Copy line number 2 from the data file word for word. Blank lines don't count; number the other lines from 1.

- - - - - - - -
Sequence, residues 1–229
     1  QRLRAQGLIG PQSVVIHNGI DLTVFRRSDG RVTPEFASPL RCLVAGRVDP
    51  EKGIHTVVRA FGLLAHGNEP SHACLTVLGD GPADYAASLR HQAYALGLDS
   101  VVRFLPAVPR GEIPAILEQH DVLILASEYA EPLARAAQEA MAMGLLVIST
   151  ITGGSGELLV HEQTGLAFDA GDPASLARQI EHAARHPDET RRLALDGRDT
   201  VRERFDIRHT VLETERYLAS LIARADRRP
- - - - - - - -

     1  QRLRAQGLIG PQSVVIHNGI DLTVFRRSDG RVTPEFASPL RCLVAGRVDP